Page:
CHC in the Press: Online Searches About Suicide Climbed After ’13 Reasons Why’ Premiere
Internet searches related to suicide increased 19% in the three weeks after the premiere of the Netflix show 13 Reasons Why, found new research. That increase translated to approximately 900,000 to 1.5 million more searches than would be expected without the show.
Researchers used Google Trends to compare Internet searches for the word “suicide” during the 19 days after the show’s release to the frequency of searches that would typically occur without the show.
The analysis revealed that suicide-related searches ranged from 15% to 44% higher than expected on 12 of the 19 days after the show’s premiere. An analysis of related search terms showed that 17 of the top 20 related searches were also higher than expected during the same period. Many of those related to suicidal thoughts or plans. Searches were 26% higher for “how to commit suicide,” 18% higher for “commit suicide” and 9% higher for “how to kill yourself.”
But searches related to help-seeking and awareness also rose: “suicide hotline number” searches increased 21%, “suicide hotline” increased 12%, “suicide prevention” increased 23%, and “teen suicide” increased 34%.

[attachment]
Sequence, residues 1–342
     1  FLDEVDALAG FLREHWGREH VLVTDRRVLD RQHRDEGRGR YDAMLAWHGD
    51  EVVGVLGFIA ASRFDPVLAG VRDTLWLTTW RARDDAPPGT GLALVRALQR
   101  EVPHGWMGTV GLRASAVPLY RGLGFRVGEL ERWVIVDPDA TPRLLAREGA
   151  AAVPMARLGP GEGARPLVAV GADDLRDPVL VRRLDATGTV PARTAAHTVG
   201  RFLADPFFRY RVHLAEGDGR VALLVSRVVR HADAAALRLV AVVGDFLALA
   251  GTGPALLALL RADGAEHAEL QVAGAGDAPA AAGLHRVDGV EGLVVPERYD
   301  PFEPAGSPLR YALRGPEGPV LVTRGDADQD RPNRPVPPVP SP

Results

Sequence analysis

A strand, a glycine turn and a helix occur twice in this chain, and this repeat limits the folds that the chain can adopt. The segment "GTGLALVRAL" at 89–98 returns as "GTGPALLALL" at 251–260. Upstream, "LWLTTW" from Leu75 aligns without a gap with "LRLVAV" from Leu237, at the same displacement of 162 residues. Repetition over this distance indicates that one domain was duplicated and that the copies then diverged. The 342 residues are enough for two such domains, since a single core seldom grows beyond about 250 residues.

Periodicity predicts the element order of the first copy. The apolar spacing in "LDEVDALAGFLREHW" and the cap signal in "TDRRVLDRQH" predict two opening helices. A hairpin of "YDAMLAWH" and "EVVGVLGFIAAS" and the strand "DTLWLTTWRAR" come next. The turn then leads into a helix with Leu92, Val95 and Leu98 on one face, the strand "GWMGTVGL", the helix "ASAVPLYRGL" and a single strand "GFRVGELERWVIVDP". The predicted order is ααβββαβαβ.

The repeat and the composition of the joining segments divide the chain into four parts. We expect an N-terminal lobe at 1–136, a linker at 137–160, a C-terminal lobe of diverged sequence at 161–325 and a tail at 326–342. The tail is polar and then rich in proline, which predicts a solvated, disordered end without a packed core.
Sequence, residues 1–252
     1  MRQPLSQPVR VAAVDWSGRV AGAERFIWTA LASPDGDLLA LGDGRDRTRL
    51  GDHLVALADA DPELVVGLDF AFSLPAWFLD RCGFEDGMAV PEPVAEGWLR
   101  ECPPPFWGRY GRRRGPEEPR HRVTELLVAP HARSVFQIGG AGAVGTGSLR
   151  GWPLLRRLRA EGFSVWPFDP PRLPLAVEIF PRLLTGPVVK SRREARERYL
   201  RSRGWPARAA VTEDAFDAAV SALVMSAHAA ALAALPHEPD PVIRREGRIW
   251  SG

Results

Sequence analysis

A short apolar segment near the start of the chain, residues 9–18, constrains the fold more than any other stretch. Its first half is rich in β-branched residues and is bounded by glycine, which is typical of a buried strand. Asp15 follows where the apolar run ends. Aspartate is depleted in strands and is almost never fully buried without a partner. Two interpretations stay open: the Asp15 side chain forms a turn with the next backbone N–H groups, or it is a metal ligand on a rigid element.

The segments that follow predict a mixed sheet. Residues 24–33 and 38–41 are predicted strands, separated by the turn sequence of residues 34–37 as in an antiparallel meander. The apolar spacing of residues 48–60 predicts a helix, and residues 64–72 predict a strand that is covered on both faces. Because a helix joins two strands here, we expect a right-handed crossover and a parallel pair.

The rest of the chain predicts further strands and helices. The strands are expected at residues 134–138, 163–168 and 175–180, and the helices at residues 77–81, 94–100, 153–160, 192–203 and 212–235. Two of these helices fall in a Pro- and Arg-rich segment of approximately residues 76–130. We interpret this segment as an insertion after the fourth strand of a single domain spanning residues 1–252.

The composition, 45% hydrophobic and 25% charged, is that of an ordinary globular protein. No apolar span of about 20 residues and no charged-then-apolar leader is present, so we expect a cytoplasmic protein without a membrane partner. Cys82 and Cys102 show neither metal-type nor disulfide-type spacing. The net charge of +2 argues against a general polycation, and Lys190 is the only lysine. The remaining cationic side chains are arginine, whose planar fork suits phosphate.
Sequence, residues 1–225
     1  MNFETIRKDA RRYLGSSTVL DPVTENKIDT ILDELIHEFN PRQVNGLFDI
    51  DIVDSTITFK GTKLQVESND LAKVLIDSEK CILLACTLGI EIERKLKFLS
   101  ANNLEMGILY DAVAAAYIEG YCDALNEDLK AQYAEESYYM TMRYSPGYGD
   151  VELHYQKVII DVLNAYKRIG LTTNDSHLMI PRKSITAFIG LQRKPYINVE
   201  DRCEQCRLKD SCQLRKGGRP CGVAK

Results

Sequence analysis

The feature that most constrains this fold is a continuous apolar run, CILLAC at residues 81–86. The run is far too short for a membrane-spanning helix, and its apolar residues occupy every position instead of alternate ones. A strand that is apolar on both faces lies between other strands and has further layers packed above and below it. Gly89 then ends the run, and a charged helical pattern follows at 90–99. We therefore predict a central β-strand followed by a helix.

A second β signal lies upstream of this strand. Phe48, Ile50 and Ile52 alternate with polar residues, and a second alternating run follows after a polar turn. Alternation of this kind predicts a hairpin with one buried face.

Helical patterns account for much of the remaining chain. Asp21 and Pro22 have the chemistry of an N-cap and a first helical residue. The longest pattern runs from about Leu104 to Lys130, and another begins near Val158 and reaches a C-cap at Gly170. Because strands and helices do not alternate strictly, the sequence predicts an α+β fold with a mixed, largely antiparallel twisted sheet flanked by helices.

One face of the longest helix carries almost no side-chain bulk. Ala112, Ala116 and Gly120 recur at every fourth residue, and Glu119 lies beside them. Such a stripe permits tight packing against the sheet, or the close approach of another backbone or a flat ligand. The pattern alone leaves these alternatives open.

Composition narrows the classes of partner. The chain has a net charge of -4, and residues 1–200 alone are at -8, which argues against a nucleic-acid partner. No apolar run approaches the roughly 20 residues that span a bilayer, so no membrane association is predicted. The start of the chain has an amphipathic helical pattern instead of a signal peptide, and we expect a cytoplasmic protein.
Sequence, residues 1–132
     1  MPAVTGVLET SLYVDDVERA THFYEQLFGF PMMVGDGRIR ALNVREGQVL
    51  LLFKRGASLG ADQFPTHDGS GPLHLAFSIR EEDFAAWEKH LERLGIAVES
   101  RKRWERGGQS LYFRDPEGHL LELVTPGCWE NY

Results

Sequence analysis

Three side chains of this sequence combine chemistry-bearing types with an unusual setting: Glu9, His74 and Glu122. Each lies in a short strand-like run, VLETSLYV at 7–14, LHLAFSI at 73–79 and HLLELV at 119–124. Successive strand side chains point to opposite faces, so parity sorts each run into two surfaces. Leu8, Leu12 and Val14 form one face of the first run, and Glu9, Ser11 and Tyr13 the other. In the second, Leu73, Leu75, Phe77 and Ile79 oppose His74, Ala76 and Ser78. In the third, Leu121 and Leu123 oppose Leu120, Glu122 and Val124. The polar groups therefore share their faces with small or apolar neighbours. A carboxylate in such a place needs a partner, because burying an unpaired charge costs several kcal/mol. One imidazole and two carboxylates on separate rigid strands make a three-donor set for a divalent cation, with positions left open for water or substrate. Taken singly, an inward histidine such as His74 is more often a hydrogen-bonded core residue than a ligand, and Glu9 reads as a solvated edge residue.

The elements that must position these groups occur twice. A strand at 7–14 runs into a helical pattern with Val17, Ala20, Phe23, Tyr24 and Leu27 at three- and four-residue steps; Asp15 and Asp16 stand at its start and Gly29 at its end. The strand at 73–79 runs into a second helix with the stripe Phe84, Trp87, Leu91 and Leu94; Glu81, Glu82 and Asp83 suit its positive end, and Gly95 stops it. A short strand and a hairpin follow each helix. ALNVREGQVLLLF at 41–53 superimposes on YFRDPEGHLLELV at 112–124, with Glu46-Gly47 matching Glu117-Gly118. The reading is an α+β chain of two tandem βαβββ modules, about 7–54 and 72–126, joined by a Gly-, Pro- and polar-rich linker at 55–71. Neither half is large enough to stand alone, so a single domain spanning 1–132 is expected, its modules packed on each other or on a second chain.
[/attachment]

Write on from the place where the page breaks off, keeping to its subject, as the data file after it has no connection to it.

When the show first aired, multiple organizations published guidance for parents, emphasizing the value of parents watching and discussing the show with their children (ideally none under age 13, the AAP recommends) and not assuming their children had not seen it.
“If your kids have watched 13 Reasons Why or plan to watch it, it’s critical that you watch the program too so you are aware of the content,” said Dr. Anna Parnes and Jennifer Leydecker of the Children’s Health Council. “We strongly suggest parent caution, monitoring and dialogue about the program and its topics of suicide, survivor guilt, sexual assault and bullying and shaming.”
Netflix acknowledged concerns about the show and, after the media attention, addressed them, even if the producers’ creative decisions remained at odds with professionals’ concerns. The company produced a 30-minute documentary 13 Reasons Why: Beyond the Reasons in which “the cast, producers and mental health professionals discuss scenes dealing with difficult issues, including bullying, depression and sexual assault.”
The content above was excerpted from an article published on 07/31/17 on Forbes.com. Read the full article here. Also see the CHC News article, “13 Reasons Why: Important Update,” published on 05/04/17.
If you or someone you know or love is experiencing suicidal thoughts, please call the National Suicide Prevention Lifeline at 1 800 273 8255 or contact Crisis Text Line by texting BAY to 741741.